In your search for the best playgroup in Singapore for your child, you may have discovered some programmes that use the phrase ‘play-based learning’.
This might sound too good to be true! Can children in their early years really learn through play?
What exactly is play-based learning?
Any parent will recognise how important play is to children, especially in their early years.
For example, many parents stock their children’s toy boxes with various toys that mimic the things adults do – little pots and pans, even miniature brooms and dustpans. By mimicking the actions of their parents, children learn more about the world around them and how it works.
However, this is not the only way children can learn through play.
How does play-based learning help infants and toddlers in their early years?
Play can hone their motor skills, improve their socio-emotional connections with others, stretch creativity and imagination, and even help develop literacy and numeracy skills.
After all, one study shows that children in play-based classrooms developed stronger and broader vocabularies than those in traditional playgroup classrooms.
In play-based learning, the teachers honour the child’s inherent curiosity and playfulness, channelling their energies to help them learn through play.
Play-based learning improves self-regulation and impulse control
Some studies have found that play improves a child’s executive functions.
Children in play-based programmes have shown better scores in measures of self-regulation, cognitive flexibility as well as working memory – all things which are predictive of later academic success.
Children who are given the tools to succeed early on are primed to find learning and instruction less daunting and stressful than those without such tools.
Play-based learning is self-directed
It can be difficult for adults to relinquish control, but it is important that play-based learning is directed by the child.
In other words, the child gets to decide what to play and how to play. The play can be interactive, with the adult suggesting ideas, but the child guides the play, with active input into the session, so that they are interested and engaged in what they have chosen for themselves.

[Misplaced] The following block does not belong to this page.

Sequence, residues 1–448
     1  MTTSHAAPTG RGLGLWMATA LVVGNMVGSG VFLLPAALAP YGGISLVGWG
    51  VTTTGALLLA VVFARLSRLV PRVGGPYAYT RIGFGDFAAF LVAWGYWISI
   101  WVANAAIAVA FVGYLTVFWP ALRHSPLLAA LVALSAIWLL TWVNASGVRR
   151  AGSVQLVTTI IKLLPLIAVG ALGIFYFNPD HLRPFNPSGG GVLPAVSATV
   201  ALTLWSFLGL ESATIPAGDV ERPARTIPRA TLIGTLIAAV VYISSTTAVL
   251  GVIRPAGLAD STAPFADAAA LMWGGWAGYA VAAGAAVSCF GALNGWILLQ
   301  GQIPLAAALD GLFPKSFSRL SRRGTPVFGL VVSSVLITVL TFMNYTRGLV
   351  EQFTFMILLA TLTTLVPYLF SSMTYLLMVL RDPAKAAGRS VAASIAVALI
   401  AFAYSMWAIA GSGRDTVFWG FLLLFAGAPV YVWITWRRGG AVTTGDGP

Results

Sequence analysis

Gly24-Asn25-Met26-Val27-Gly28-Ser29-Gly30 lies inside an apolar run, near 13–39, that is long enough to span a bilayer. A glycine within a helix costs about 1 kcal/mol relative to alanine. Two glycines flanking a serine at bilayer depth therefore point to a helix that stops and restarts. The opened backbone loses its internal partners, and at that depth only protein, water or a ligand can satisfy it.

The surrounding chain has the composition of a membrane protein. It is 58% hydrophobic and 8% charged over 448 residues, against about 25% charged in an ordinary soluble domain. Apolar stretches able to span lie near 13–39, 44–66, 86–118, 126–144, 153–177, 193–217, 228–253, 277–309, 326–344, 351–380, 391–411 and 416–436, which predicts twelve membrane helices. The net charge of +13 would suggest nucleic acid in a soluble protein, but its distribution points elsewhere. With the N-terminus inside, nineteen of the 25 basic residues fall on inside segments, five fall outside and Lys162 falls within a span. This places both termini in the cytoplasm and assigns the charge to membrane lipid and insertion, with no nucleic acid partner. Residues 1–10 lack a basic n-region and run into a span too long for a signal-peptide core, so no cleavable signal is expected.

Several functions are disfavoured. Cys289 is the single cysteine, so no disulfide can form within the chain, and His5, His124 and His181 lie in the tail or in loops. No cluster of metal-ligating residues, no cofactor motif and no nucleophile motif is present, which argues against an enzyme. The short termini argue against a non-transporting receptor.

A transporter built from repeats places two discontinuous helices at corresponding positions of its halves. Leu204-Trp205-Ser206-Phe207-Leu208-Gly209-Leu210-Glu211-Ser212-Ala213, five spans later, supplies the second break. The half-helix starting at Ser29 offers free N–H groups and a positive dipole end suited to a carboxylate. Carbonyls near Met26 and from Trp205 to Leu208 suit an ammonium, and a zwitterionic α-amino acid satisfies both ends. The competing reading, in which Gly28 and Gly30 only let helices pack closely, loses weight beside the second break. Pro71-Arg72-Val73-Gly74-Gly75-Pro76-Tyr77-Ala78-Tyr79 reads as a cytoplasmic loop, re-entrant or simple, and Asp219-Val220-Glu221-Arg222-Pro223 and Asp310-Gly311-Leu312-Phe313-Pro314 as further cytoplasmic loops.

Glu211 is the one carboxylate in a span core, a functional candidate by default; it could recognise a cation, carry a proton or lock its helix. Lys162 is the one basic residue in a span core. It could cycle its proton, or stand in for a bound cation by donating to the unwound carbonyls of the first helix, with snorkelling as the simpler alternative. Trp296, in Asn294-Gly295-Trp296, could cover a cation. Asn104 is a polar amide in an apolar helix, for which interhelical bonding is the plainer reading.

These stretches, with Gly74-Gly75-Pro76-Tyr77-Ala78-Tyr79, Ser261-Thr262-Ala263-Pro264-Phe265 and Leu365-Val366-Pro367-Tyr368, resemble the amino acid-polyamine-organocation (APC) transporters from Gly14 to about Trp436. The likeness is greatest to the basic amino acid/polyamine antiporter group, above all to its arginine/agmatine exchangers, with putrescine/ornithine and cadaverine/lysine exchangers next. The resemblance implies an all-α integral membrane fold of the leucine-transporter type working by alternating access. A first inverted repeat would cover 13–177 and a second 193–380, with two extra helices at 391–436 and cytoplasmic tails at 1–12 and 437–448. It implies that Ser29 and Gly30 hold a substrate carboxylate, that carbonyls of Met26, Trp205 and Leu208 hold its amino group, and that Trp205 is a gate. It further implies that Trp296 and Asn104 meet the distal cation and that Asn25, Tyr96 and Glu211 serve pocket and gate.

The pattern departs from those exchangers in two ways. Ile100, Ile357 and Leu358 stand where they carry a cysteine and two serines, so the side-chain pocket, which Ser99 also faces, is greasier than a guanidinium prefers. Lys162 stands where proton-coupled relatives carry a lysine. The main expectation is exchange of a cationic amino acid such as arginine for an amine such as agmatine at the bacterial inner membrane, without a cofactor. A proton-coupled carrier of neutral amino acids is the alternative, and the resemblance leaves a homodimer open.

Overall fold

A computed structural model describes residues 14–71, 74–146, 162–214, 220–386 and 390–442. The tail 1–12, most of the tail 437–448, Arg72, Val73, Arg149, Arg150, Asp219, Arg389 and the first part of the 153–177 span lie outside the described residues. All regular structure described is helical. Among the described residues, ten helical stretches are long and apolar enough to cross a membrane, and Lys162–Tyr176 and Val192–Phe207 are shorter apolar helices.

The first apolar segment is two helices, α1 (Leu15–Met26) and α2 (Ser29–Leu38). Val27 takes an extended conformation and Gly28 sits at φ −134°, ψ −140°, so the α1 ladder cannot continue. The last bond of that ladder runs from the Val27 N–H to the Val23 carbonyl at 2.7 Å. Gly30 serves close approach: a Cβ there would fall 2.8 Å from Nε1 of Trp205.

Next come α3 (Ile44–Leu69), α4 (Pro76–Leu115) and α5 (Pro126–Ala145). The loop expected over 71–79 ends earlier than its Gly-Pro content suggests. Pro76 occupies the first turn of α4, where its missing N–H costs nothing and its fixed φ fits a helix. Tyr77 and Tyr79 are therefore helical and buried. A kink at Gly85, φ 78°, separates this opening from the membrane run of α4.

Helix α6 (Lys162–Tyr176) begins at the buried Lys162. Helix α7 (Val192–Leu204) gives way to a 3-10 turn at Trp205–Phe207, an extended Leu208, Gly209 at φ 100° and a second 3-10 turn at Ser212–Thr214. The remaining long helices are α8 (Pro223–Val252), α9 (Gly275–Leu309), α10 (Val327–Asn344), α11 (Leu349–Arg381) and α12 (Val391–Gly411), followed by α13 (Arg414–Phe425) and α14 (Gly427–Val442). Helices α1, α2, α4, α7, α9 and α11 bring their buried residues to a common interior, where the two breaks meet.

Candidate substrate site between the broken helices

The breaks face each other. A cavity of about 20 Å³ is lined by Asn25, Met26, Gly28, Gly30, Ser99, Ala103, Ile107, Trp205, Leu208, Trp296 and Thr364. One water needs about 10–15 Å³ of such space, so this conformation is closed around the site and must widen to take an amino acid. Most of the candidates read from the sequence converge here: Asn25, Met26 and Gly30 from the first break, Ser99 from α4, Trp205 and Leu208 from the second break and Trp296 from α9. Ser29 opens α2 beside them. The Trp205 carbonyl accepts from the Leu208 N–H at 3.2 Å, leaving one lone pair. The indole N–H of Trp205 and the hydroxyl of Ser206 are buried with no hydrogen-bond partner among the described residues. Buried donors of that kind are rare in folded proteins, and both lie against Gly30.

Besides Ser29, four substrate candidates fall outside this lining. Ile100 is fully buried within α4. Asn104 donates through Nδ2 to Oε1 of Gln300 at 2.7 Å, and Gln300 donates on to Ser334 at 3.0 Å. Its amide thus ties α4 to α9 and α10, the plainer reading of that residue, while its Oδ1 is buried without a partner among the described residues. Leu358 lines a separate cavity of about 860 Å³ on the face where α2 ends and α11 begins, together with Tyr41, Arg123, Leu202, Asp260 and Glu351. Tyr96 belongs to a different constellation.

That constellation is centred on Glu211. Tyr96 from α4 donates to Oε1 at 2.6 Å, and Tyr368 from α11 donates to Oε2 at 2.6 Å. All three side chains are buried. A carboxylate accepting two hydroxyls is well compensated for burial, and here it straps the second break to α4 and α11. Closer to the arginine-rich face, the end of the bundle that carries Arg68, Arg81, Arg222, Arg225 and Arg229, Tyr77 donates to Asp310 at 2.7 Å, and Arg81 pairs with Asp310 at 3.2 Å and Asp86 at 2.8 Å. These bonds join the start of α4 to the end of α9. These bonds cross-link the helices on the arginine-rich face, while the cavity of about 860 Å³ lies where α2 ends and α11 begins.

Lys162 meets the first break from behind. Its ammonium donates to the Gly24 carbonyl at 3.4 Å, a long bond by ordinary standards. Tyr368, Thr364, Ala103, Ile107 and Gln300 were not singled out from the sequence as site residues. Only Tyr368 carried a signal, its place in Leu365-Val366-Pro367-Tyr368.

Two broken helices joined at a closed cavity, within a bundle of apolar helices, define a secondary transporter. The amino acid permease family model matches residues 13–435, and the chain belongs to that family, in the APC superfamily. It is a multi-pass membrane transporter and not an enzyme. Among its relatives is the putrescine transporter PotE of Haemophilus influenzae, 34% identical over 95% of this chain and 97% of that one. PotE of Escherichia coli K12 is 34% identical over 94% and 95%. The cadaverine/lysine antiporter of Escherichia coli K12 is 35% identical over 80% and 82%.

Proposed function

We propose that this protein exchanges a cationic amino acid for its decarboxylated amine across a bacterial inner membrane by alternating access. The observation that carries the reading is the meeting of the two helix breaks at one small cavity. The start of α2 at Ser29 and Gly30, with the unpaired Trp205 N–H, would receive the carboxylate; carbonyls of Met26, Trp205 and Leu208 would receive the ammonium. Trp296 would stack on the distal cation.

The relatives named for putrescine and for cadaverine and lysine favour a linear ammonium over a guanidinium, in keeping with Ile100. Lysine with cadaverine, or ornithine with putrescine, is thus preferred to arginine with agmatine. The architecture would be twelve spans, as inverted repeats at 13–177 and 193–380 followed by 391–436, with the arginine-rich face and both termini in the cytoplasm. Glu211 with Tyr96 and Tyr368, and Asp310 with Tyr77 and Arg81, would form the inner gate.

It is vital that adults do not shut ideas down but encourage creative thinking.
Play-based learning is enjoyable
Play should always be enjoyable and fun for the child. While disagreements and frustrations may emerge, the session should be largely positive. This emotional aspect of play is important, as play supports positive attitudes to learning, including enthusiasm and persistence.
A calm play session can also help children recharge and relax after a stressful or difficult day, especially in their early years.
Play-based learning is unstructured
Ideally, children in playgroups should be given enough time to explore and discover new ideas during play. Play that is overly directed or prescribed shuts down new avenues of learning and prevents them from truly exploring new concepts and ideas.
In order to sustain play, children should be given options for play – such as loose parts, building blocks, or other types of toys.
Play-based learning is process-oriented
In play-based learning, the journey is far more important than the destination. This means that there should not be a “learning goal” or an objective for play. Rather, the process is the most important thing!
Confidence is built as the child tries new things and takes risks. They should not be made to tick boxes off a list. Children should enjoy learning without added stress.
How do schools make use of play-based learning?
At Kiddiwinkie Schoolhouse, our teachers help our infants and early years children engage in purposeful play, where teachers facilitate play experiences that are enjoyable for the children by providing appropriate and ample materials, time and space for the children to stretch their minds and engage themselves in play-based learning. This is also reinforced by the NEL curriculum for early childhood educators, developed by the Ministry of Education in Singapore.
Moving forward, this paves way for a smooth progression to the inquiry-based learning approach in the preschool years (N2 to K2).
Just as with play-based learning, inquiry-based learning encourages children to take the reins in their learning, and also focuses more on the growing and developing process rather than a specific outcome or goal.
Find out more about how play-based learning can benefit your children
Kiddiwinkie Schoolhouse focuses on giving our children opportunities to learn through play and exploration. Your child can blossom and thrive in such an environment.